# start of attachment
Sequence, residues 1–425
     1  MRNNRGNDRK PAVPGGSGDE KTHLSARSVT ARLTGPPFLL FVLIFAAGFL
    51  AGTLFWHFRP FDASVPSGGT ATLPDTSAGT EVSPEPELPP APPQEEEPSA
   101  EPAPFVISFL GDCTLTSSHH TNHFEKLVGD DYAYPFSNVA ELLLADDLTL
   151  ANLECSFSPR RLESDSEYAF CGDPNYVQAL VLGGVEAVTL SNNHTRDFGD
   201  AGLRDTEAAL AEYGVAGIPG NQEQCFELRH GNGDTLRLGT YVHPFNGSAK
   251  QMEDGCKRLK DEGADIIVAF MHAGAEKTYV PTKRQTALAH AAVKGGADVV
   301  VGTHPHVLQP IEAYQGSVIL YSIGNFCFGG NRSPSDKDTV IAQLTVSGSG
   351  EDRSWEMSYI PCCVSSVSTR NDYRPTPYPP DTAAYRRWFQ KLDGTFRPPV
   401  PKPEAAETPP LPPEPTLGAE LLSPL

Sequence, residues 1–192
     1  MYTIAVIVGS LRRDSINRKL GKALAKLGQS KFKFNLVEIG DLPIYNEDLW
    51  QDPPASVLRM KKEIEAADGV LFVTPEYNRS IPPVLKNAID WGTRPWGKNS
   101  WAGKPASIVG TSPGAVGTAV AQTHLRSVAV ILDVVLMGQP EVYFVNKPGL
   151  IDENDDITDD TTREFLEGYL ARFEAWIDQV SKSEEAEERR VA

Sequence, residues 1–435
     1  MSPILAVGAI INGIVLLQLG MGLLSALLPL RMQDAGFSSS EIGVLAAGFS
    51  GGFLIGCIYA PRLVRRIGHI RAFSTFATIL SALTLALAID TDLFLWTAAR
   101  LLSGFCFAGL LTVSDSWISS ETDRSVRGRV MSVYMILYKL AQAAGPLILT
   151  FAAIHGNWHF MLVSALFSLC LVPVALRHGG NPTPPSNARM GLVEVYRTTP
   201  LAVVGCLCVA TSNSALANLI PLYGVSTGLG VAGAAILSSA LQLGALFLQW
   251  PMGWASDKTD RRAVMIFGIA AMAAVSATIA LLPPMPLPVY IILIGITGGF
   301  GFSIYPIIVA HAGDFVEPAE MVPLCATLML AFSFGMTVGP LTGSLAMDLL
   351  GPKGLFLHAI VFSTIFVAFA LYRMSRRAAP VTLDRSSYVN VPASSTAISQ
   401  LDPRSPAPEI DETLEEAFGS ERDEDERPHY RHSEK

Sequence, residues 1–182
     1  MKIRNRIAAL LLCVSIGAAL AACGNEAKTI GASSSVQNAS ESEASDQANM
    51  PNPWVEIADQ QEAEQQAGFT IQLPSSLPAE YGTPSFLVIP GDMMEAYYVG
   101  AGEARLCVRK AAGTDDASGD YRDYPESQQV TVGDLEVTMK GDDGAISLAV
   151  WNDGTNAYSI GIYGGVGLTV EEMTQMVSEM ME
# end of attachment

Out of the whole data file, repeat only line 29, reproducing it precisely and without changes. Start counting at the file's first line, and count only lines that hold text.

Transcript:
   101  AGEARLCVRK AAGTDDASGD YRDYPESQQV TVGDLEVTMK GDDGAISLAV